Affected Populations

Dentin dysplasia type I appears to affect about 1 in 100,000 persons. Males and females are apparently equally at risk.

Standard Therapies


Diagnosis is usually based on x-rays taken when some abnormality is suspected.


The affected teeth are usually treated by a dentist specializing in the care of the roots and pulp of the teeth (endodontists). Filling the tips of the root canals may extend the period of time that the affected teeth remain fixed to the jaw. Sometimes, the affected teeth must be extracted and replaced with dentures.

Genetic counseling is recommended for families of children with dentin dysplasia type I.

Investigational Therapies

Information on current clinical trials is posted on the Internet at All studies receiving U.S. government funding, and some supported by private industry, are posted on this government website.

For information about clinical trials being conducted at the National Institutes of Health (NIH) in Bethesda, MD, contact the NIH Patient Recruitment Office:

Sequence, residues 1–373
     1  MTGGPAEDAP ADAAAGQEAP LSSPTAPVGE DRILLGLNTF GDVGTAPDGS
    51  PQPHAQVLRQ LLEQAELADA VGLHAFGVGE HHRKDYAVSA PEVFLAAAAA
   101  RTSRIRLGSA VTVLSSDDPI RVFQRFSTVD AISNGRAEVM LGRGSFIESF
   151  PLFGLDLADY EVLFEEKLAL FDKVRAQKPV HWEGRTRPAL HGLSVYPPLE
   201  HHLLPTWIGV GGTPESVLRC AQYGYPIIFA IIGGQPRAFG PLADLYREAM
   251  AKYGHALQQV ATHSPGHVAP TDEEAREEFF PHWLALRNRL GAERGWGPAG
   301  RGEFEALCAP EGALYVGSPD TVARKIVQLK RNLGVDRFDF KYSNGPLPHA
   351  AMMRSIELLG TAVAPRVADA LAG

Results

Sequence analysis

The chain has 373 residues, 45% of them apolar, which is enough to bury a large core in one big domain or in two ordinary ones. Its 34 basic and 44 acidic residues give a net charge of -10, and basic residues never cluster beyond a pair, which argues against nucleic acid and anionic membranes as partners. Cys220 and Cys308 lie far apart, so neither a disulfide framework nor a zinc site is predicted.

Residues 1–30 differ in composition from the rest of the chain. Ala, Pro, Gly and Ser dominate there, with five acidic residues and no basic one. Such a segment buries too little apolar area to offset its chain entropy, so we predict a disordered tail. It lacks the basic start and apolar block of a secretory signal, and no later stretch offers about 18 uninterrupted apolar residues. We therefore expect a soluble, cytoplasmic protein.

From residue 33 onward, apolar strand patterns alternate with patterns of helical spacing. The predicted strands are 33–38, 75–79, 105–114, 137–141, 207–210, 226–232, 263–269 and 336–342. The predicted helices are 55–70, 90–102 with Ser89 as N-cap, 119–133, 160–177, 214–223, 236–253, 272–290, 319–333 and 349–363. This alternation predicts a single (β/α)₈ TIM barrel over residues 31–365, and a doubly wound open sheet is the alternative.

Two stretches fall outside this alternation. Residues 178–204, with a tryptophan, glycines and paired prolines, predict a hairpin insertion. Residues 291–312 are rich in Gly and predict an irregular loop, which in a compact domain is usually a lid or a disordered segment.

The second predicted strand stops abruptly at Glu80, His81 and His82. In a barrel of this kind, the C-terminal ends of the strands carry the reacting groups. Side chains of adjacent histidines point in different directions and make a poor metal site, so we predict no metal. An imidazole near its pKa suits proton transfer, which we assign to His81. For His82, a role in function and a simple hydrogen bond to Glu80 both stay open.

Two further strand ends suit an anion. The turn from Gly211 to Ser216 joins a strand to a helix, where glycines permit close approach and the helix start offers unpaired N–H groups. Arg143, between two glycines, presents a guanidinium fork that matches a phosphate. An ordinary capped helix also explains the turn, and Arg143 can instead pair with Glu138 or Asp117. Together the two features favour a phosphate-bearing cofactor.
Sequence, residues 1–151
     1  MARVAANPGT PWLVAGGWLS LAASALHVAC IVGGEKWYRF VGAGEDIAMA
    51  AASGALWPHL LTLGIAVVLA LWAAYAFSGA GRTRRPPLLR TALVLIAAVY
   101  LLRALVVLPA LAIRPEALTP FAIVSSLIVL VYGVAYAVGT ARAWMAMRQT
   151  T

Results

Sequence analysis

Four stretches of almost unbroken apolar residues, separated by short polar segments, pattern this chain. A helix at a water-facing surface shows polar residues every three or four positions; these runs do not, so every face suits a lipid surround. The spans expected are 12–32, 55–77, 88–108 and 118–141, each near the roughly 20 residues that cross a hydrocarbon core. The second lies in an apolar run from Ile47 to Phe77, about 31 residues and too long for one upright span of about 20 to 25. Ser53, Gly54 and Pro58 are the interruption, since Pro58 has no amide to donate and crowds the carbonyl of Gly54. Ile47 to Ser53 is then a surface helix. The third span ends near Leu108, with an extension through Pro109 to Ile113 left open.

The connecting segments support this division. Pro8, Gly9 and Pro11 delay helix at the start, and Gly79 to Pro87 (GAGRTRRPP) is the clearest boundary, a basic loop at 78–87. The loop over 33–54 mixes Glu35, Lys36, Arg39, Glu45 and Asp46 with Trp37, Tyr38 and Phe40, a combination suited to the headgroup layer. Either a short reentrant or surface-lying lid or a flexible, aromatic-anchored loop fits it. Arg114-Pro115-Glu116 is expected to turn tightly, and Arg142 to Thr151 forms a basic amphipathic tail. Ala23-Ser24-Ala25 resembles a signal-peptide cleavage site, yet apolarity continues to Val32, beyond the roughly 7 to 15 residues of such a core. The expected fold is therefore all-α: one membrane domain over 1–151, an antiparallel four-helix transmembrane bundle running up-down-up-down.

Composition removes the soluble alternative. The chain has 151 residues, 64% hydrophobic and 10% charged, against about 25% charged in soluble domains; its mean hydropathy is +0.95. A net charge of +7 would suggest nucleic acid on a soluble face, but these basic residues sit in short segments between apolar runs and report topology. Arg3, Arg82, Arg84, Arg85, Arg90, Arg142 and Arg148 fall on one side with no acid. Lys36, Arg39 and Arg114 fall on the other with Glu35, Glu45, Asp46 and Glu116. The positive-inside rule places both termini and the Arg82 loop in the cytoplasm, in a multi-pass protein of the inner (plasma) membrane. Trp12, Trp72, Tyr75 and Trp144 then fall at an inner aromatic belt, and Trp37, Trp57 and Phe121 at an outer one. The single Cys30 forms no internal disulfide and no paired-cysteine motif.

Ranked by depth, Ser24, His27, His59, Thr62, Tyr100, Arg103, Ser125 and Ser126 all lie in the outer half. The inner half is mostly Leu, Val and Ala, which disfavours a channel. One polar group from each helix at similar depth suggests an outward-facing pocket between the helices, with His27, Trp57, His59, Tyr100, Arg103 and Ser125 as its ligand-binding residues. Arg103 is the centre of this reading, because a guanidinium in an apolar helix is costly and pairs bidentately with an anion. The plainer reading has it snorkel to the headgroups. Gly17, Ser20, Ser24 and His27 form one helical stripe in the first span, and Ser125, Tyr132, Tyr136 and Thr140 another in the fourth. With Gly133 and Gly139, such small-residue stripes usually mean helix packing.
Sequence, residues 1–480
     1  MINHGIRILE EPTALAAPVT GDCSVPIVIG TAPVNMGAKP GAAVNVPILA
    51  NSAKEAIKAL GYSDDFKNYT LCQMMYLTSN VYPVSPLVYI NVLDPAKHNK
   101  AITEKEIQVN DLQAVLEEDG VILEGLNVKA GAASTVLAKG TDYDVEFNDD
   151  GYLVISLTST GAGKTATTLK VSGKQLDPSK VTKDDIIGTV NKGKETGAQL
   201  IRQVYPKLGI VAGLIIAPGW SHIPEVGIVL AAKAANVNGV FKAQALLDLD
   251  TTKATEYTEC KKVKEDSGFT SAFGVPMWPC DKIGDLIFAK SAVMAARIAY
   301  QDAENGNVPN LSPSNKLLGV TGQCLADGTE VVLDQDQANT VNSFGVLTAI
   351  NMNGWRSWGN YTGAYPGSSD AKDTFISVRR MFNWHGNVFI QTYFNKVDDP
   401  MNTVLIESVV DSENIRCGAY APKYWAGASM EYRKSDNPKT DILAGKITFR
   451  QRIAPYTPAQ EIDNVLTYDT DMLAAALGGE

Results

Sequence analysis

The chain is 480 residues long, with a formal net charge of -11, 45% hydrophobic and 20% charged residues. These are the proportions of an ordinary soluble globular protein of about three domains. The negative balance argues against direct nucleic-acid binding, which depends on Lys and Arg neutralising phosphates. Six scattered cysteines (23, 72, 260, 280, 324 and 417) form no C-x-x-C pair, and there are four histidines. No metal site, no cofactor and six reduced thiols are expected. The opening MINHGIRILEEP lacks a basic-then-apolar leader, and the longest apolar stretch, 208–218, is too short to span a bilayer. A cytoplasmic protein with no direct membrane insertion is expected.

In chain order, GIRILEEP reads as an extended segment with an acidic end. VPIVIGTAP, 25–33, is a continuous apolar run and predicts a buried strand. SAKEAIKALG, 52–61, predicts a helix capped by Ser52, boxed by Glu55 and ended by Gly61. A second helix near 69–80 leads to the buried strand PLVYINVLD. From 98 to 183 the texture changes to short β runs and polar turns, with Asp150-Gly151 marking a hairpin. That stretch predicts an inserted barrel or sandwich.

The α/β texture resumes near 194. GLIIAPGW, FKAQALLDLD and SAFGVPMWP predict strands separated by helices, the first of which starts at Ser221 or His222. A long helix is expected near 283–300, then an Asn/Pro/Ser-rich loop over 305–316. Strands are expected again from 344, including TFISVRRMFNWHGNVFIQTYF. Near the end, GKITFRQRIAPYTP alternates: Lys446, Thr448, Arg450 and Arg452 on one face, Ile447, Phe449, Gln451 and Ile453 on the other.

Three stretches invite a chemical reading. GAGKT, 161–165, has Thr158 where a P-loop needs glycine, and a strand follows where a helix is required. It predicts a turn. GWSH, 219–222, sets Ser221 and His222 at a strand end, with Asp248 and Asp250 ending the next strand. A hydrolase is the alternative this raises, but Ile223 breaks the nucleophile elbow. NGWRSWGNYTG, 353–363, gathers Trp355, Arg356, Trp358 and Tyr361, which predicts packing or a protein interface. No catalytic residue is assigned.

Tollfree: (800) 411-1222

TTY: (866) 411-1010


For information about clinical trials sponsored by private sources, contact:



Brenneise CV. Dentin Dysplasia. In: NORD Guide to Rare Disorders. Lippincott Williams & Wilkins. Philadelphia, PA. 2003:176-77.


Hegde M, Hegde ND. Dentin dysplasia - A case report. Endontol. 2004;16:16-18.

Seymen F, Akinci T. Dentinal Dysplasia Type I: Report of a case. Eur J Paediatr Dent. 2000;1:Abstract 71.

Leccisotti S, Eramo S, Palatella P, et al. Dentin dysplasia type I. Report of a case and ultrastructural study. Minerva Stomatol. 1998;47:545-51.

Brenneise CV, Dwornick RM, Benneise EE. Clinical radiographic and histological manifestations of dentin dysplasia, type I: report of a case. J Am Dent Assoc. 1989;119:721-23.

Witkop CJ Jr. Amelogenesis imperfecta, dentinogenesis imperfecta and dentition dysplasia revisited: problems in classification. J Oral Pathol. 1988;17:547-53.

Petrone JA, Noble ER. Dentin dysplasia type I: a clinical report. J Am Dent Assoc. 1981;103:891-93.